The greatest risk to animals from lack of water is dehydration. To reduce this risk, try to provide water from one of the following sources (best to worst):
- potable (drinking) water
- collected rain water
You should seek advice from your vet on the risks, and on whether animal treatment is advised.
For livestock, priority should be given to animals with no access to water of any sort. Young animals, housed animals on dry feed only and lactating animals will be at particular risk.
If only a restricted supply of potable (drinking) water is available, the following is a rough guide to the daily needs of an animal:
- milking cows: 38 - 52 litres
- other cattle: 38 litres
- horses: 20 - 45 litres
- pigs: 4 - 11.5 litres
- sheep: 6 litres
- poultry (intensive): 0.5 litres
(These figures will vary depending on the age of the animal and on temperature and humidity.)
Where practicable, actions to reduce the requirement for water include:
- reducing feed intake
- drying off animals in late stage lactation
- ending egg production
Where water is rationed, care is needed to avoid ‘salt poisoning’ in pigs.
Practical steps to secure water supplies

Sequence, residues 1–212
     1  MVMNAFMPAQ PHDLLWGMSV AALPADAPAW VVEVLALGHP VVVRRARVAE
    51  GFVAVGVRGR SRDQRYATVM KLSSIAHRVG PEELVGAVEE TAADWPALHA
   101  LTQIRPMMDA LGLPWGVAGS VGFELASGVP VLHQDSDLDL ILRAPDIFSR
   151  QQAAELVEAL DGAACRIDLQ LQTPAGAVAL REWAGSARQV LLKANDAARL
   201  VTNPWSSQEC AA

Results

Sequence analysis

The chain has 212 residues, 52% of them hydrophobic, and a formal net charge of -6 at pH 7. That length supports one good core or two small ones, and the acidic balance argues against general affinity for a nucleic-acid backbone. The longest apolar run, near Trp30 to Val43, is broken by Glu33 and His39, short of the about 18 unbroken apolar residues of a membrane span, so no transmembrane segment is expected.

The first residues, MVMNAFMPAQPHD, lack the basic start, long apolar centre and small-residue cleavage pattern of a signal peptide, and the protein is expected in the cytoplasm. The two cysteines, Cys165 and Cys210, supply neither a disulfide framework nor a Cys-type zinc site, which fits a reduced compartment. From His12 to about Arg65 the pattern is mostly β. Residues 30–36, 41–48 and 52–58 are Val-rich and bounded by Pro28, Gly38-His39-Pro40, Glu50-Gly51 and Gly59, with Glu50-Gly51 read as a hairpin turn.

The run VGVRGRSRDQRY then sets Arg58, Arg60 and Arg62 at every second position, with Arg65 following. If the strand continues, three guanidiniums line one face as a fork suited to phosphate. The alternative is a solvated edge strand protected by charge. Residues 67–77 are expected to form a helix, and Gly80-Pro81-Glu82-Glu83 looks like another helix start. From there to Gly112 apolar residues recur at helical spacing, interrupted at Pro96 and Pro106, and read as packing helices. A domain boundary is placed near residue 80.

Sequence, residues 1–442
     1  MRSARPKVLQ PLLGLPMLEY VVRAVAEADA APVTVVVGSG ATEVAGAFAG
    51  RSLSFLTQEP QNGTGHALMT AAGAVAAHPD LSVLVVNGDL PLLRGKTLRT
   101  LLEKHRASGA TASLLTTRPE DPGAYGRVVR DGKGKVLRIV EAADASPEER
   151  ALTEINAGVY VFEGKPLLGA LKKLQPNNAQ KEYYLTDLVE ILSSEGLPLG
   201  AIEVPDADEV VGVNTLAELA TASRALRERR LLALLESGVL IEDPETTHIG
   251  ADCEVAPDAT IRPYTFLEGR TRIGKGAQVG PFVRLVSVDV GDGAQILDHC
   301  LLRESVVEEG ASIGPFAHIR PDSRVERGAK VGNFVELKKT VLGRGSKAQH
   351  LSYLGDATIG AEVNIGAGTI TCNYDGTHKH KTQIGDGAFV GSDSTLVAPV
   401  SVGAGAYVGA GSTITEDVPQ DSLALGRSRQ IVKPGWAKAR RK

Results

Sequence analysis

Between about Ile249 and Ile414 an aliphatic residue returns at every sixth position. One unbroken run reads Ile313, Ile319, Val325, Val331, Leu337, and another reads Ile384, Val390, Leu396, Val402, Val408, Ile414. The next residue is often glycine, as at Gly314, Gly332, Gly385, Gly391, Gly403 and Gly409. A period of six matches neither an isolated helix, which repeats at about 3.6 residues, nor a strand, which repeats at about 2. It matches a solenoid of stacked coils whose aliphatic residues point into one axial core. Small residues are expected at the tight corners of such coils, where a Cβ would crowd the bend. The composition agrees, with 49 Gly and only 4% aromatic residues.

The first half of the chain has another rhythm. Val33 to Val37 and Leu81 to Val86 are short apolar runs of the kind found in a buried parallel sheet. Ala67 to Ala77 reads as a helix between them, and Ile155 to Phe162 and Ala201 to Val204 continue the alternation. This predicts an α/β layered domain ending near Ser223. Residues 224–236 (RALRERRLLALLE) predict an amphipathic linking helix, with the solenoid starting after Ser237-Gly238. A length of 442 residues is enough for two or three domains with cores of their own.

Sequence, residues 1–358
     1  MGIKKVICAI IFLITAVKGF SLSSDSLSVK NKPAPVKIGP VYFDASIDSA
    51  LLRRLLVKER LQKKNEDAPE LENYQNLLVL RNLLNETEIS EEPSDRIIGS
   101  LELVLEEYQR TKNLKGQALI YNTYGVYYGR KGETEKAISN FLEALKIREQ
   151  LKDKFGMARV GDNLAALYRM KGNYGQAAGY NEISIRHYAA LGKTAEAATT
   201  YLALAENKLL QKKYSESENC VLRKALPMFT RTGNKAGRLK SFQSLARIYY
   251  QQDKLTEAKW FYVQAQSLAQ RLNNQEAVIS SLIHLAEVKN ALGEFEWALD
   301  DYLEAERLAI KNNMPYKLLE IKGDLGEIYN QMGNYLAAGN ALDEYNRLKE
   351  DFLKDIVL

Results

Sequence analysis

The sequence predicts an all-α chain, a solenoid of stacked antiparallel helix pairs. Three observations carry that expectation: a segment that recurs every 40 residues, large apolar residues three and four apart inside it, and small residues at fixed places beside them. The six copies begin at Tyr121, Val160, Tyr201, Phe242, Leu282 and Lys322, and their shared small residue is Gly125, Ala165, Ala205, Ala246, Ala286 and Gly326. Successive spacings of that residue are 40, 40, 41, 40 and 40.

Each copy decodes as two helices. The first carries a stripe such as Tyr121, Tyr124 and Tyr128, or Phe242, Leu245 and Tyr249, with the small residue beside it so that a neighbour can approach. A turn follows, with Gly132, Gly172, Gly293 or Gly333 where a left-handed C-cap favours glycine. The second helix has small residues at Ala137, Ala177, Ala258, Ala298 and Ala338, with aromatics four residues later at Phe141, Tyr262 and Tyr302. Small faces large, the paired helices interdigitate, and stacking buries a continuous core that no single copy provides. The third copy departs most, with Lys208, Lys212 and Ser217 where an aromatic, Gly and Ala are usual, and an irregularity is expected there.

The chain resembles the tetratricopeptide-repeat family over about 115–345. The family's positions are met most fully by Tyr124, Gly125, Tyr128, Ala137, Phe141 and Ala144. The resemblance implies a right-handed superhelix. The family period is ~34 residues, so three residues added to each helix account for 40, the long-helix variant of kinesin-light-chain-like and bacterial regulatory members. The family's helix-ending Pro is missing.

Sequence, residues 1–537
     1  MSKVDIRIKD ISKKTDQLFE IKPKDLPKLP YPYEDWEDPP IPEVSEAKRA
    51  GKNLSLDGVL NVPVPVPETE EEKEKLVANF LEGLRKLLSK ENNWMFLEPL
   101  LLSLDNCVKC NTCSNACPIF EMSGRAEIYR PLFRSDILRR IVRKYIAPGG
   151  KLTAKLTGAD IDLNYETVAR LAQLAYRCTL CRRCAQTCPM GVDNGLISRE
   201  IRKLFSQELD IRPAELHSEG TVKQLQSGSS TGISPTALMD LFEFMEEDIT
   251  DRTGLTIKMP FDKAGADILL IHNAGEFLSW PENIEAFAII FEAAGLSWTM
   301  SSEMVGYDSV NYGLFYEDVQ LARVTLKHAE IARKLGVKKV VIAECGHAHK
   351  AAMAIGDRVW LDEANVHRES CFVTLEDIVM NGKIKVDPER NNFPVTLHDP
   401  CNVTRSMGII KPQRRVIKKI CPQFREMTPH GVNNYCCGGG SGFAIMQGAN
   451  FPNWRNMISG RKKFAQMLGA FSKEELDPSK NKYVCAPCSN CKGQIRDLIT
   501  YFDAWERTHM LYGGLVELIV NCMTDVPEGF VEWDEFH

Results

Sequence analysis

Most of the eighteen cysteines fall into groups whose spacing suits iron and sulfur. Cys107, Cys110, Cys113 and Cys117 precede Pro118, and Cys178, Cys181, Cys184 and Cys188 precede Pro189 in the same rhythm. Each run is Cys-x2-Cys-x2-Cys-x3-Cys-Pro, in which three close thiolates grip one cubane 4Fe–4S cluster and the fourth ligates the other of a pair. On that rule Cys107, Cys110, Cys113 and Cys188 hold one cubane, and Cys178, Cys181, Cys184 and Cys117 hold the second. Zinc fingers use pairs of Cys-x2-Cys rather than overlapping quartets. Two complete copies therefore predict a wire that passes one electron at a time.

You can talk to neighbouring farmers who may have local water supplies from boreholes. To provide extra storage for water, grain trailers can also be made waterproof by siliconing the inside of a trailer, or by using builders’ polythene (not silage sheets as they are not strong enough).
If water cannot be made available, farmers should consider whether animals can be transported to areas where supplies are available. As a last resort, in situations where water cannot be made available, farmers will need to consider euthanasia for their animals rather than allowing them to suffer.
Water provision at slaughterhouses is essential during lairaging. If you can’t provide alternative supplies in case of mains delivery failure, you should not accept animals that may require lairaging.
Where overnight lairaging does happen, you should consider carefully whether your facilities are fit for use in extreme weather conditions and if needed, provide supplementary bedding, water, feed and protection from adverse weather. You should have contingency plans in place to accommodate, slaughter or divert animals to other locations if severe weather results in animals being unable to arrive at the agreed time for slaughter.